Mosquitoes can transmit the viruses that cause West Nile fever. Photo by Noah Poritz, courtesy United States Department of Agriculture Agricultural Research Service
Mosquitoes can transmit the viruses that cause West Nile fever. Photo by Noah Poritz, courtesy United States Department of Agriculture
Agricultural Research Service

Long Beach health officials announced on Thursday the city’s first death this year from West Nile virus.

The victim was a man in his mid-70s who lived in eastern Long Beach. He was hospitalized in August.

Officials with the Long Beach Department of Health and Human Services said nine human cases have been reported in the city this year, up from seven in all of 2013. One person died from West Nile in the city last year, but prior to that the most recent death had been in 2004.

According to the state, there have been eight deaths from West Nile virus so far this season, but that figure does not include the death of a San Fernando Valley man whose death from the virus was confirmed last week by Los Angeles County health officials.

“The death of a Long Beach resident due to West Nile virus is a sad and sobering reminder of the risk posed by mosquito bites,” said Dr. Mitchell Kushner, Long Beach’s public health officer. “We need to take precautions to avoid mosquito bites and minimize risk of WNV infection especially at this time of the year when the risk of infection is at its highest.”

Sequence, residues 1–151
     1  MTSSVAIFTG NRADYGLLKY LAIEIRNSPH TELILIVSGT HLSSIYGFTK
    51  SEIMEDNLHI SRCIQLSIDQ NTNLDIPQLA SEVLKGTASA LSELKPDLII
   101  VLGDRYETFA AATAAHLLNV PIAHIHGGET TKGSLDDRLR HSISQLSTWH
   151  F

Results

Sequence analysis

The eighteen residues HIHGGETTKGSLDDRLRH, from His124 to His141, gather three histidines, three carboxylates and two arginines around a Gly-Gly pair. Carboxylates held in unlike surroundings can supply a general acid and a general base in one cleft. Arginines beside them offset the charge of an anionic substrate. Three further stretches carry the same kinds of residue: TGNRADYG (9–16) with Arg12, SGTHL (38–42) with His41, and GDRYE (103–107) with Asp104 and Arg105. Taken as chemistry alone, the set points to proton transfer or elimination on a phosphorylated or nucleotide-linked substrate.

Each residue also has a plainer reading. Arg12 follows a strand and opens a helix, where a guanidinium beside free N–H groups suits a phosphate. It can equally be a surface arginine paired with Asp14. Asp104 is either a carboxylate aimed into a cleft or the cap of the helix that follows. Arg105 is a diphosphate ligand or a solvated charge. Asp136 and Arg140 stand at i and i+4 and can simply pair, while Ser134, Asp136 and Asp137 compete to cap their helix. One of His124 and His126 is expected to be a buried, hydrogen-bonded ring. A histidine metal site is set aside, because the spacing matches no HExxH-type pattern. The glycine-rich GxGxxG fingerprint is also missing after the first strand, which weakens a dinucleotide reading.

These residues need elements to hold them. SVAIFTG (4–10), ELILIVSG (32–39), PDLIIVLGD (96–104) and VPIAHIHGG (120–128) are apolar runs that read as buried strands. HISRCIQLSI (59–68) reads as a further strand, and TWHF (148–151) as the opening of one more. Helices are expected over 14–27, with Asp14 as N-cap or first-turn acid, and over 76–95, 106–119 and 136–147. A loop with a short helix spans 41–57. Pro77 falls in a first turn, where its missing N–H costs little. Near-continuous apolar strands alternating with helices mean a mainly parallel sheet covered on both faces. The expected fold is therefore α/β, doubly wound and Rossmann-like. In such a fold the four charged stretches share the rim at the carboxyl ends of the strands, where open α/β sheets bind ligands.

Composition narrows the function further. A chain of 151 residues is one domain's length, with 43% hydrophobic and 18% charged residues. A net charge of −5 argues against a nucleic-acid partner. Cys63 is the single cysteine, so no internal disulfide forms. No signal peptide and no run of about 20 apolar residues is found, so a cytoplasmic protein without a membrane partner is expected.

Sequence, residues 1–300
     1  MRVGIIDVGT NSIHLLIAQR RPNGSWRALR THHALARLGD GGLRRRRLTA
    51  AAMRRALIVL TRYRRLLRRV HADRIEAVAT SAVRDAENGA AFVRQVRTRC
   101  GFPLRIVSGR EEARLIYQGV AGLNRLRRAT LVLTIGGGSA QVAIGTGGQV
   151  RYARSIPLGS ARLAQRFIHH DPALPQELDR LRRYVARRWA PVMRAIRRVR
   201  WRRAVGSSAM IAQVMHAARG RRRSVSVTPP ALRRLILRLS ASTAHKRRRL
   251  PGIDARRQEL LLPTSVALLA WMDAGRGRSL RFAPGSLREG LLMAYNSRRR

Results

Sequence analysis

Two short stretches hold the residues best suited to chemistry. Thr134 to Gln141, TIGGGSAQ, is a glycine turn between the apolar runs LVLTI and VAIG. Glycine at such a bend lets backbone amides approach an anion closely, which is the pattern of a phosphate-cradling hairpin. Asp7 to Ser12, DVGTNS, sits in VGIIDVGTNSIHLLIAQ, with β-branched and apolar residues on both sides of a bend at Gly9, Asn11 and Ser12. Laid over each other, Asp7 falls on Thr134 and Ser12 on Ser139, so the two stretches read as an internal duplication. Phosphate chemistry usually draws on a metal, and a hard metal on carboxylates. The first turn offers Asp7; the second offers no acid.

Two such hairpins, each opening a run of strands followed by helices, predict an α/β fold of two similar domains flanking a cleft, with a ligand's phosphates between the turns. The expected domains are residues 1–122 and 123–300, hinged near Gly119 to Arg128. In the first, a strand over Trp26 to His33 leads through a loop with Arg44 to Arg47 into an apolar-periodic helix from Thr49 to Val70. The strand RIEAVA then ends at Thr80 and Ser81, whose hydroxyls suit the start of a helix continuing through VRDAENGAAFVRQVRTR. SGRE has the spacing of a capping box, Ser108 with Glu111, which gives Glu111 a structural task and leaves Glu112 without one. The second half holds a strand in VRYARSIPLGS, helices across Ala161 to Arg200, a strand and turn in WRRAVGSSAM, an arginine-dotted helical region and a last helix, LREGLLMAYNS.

Health officials urged residents to take steps to prevent the spread of the disease. Those measures include emptying all standing water that can become breeding grounds for mosquitoes, maintaining secure windows and screens, using insect repellant, limiting outdoor activity at dawn and dusk when mosquitoes are most active and wearing long-sleeved shirts and long pants while outside.

Most people who get the infection do not feel symptoms, but about 20 percent can become feverish and feel headaches, body pain, nausea, fatigue and develop a skin rash.

More serious symptoms include severe headaches, neck stiffness, confusion and muscle weakness or paralysis.

&mdash City News Service

Leave a comment

Your email address will not be published.